Yield Management in a First-Price Auction World


Following the announcement earlier in the year that Google Ad Exchange traffic will transition to a first-price auction model by late August to early September, the industry has been awash with queries as to how this will affect optimisation, and the effect of bid shading tactics.

In this exclusive article for ExchangeWire, Benjamin Hansz (pictured below), vice president of strategy at Simplaex, dispels three of the myths surrounding first-price auctions, and what yield management will look like in these environments.

There has been much discussion and concern across the industry regarding the Google first-price auction announcement, so we thought it a good time to tackle the subject in some detail.

The first thing to bear in mind, is that Google's switch to first-price only affects what happens server-side within Google - i.e. the same call to DFP or last look that they already had before. So, unless Google suddenly manages to gain a tighter grip of overall ad spend, there is no major change in the game for the current players.

Far from being a trailblazer in this case, Google is actually following in the footsteps of what the rest of the industry as first movers have effectively set in stone. The prebid auction already runs on first-price, i.e. everything there remains the same too.

Ben Hansz

Benjamin Hansz, Vice President of Strategy, Simplaex

If the Prebid auction achieves a higher bid as its outcome, then this also pushes up what Google will need to pay - regardless of which auction type they use server-side.

Essentially, nothing changes.

So, the principal question comes back to second- versus first-price mechanics - and how effective is price flooring when there is no first-price/closing price spread?

Ultimately, what the industry is asking is as follows: what does yield management look like in a first-price world – and does it even exist?

Myth 1: Yield optimisation is only applicable to second-price auctions

Certainly, some algorithms have been set up to the exclusion of all else but second price. Or rather, their machine learning systems have been built purely around price considerations only. Others, meanwhile, have always operated by considering price alongside other factors - user valuation for example, as well as the true ROI of demand. It turns out that this broader definition of optimisation works just as well in first-price environments as second.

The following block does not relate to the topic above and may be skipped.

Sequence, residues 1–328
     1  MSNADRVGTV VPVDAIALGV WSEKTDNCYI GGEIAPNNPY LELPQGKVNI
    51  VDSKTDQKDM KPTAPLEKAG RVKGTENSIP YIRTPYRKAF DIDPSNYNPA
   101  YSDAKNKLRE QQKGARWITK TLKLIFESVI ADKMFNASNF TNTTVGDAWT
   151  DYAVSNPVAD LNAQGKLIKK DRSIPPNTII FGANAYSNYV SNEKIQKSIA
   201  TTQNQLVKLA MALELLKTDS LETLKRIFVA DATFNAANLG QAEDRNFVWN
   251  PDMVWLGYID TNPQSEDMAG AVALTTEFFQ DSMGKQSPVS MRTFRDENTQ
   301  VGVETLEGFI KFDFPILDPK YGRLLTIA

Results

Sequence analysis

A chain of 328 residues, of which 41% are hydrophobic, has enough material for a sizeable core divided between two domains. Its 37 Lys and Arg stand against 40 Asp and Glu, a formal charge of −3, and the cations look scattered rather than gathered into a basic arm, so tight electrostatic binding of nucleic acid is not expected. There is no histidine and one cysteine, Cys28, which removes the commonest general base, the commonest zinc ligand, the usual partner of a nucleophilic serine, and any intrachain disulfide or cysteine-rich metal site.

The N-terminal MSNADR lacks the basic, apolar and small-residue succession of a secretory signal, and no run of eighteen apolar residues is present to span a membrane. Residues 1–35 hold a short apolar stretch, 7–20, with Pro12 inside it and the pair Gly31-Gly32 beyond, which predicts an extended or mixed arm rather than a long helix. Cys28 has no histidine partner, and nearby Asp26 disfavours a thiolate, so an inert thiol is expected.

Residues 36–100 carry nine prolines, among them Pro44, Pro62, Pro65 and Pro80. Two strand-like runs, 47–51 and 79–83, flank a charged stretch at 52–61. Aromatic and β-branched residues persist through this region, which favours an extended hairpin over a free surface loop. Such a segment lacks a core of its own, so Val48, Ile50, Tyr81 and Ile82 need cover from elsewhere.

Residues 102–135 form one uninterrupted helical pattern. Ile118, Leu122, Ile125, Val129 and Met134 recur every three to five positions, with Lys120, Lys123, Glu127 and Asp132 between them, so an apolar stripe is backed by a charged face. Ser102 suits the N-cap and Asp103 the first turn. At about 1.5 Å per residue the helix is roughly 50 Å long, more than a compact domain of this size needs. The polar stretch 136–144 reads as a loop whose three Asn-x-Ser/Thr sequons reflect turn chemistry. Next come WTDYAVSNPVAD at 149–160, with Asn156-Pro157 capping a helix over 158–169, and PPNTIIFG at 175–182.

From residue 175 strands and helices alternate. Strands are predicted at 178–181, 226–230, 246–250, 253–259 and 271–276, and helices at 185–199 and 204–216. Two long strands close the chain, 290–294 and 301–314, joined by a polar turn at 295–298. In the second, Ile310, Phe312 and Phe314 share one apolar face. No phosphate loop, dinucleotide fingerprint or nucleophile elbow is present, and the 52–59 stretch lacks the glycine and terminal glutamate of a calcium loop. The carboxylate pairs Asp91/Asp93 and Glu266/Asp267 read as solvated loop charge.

Myth 2: Price flooring is no longer effective in the face of bid shading / SPO

Contrary to appearances, bid shading is actually nothing new. It is really just the first-price equivalent of similar tactics that DSPs deployed previously in a second-price context, to pay as little as possible for the ads they buy.

In other words, in both cases DSPs try to gain an advantage by not bidding at their true willingness to pay, but test whether they can push prices down and even sacrifice win rate if it makes their campaigns perform better. In such an environment, the supply side may take their own steps to counter that downward pressure. For example, by constantly testing and readjusting floors to indicate to buyers what they need to bid in order to win - i.e. closing the often huge spread between floor and clearing price, which is otherwise getting exploited by the demand side.

Myth 3: First-price adds unpredictability, constant testing is the only way forward

When it comes to signalling price floors or perhaps flagging other parts of the bid request to buyers to get a better reaction, in first-price just as in second-, this is very far from a random, constant testing process – rather, that testing in time becomes an informed process of learning.

This article describes some good examples of what such a learning activity might consist of. It is also true that random or short-term jumps in floor price don't cause a change in bidding behaviour. On the contrary, how this ends up playing out depends entirely on the bidding strategy and algorithms applied on the demand side at a macro level.

This is why the right supply pricing strategy by no means consists of random price jumps. But rather, with small, incremental changes in the direction which are predicted to generate more revenue. Then observe the results for as long as necessary to be able to assess their impact, before taking the next small step accordingly.

In some cases, it's even desirable not to get an immediate reaction, as it allows the capture of some additional revenue more easily (e.g. by exploiting high bids on a particular subset of users that is missed when only looking on a simple traffic level).

The above article includes a good quote from Shengwu Li, assistant professor of economics at Harvard University. He suggests that setting pricing floors is a question that must be answered with data: “You need to look at the distribution of bids you’re getting, and on a case-by-case basis decide how high that floor should ultimately be.”

That might sound like an impossible task. But in fact, in a first-price world, there is more hope than ever. In the context of the continuing power play between bid shaders on one side, and yield optimisers on the other, it is more transparency that holds the potential for a more sustainable long-term future on both sides - and an end to opacity.